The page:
Interview with Phill Mashabane: African identity and sustainable habitat

Africa is experiencing galloping urbanization and population explosion. How is architecture attempting to answer the resultant social challenges? Phill co-founded Mashabane Rose Associates in 1995, a dynamic design and architecture studio based in South Africa. He is an external examiner at several tertiary institutions in South Africa and across the rest of the African continent covering areas of Professional Practice.

How would you describe African architecture?

African architecture uses a broad array of materials that vary from region to region: stone, cob (lump clay) and rammed earth, “wet” and dry stone, mud and adobe, and even flexible materials like animal skins. Other forms of architecture involve structures carved into rock and speos.

If I had to name an underlying constant, I’d say that African architecture is defined not only by the materials used, but also by the shape of the spaces filling a variety of functions to the point of becoming key components, such as, internal courtyards with their walls decorated in adobe reliefs painted in bright colors.

The ways in which African architecture is constructed cannot be summed up in a single point of view. Attempting to give a definition is a highly complex exercise because of the many regional and cultural influences at play.

We are also witnessing the emergence of religious architecture which, in some cases, is personified by Islamic architecture that has developed across several regions of Africa.

In short, African architecture melds diverse approaches focused on making sure things work. Africans have always worked collectively.

Understanding how people live helps gain an overview of African architecture.

How is African architecture adapting to the socio-economic challenges thrown up by rapid urbanization and the population explosion?

In Africa, as elsewhere, challenges are created by exponential population growth and climate change.

Traditional habitat is under threat from socio-economic factors resulting in a concentration of people in limited spaces with all the attendant problems of comfort and durability.

This is the situation that all habitat stakeholders must deal with at all stages in their involvement: from discussing, through to manufacturing and implementing solutions.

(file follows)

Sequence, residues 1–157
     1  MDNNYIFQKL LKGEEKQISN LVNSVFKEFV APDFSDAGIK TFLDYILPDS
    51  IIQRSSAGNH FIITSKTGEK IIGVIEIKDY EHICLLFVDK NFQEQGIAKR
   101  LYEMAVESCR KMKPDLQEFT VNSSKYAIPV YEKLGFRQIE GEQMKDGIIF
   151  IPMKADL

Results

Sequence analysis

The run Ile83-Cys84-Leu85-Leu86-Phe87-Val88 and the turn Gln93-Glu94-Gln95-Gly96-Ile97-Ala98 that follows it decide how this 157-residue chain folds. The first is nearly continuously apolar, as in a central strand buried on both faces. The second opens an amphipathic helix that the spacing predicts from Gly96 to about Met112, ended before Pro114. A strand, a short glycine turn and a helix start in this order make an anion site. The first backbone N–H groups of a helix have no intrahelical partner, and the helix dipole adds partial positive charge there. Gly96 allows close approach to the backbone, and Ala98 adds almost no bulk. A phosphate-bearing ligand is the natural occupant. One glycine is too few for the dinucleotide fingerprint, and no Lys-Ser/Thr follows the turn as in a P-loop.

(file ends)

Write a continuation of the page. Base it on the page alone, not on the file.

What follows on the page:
Climate change is forcing professionals to go back to ancient methods and design what we today term “eco-construction.”

To build a sustainable future, companies and trade professionals must focus on short circuits for the supply of materials.

How do you see the future of architecture in Africa?

Tomorrow’s architecture will start to borrow the cultural codes of those who have the resources and the means to infl uence living spaces and lifestyles in Africa.

It is increasingly adopting forms from other regions of the world, with the exception of coastal regions that already bore the stamp of this infl uence. Africa has often been considered – wrongly so – the world’s poorest continent.

Yet, it is a continent with great wealth. Problems only arose when non-local materials started to be used.

What is the turning point in African architecture that Saint-Gobain must not miss?

In its quest for new solutions, Saint-Gobain must absolutely focus its attention on cultures and beliefs. Understanding them is crucial for Saint-Gobain if it is provide spatial solutions that improve on what already exists but without altering the dimension deemed indigenous by the local populations. We will be of no service if we impose readymade solutions in response to the pressing issues of space and identity specific to the African context.

In terms of comfort, Saint-Gobain is clearly on the right track. Take acoustics, which is nothing new for Africans. The difference lies in the fact that their methods do not use machines.

The priority for Saint-Gobain will be to assess the current situation and, quite simply, improve on the methods leading to the same result. Your company will also have to supply materials that are easy to use and in tune with its market’s cultural beliefs and convictions. - Phill Mashabane, Architect. 

Did you know ?

In the 1960s and 1970s, as their nations were decolonized, the governments of Ghana, Senegal, Ivory Coast, Kenya and Zambia wanted to symbolically mark their newly regained independence by erecting buildings as signs of their newfound freedom.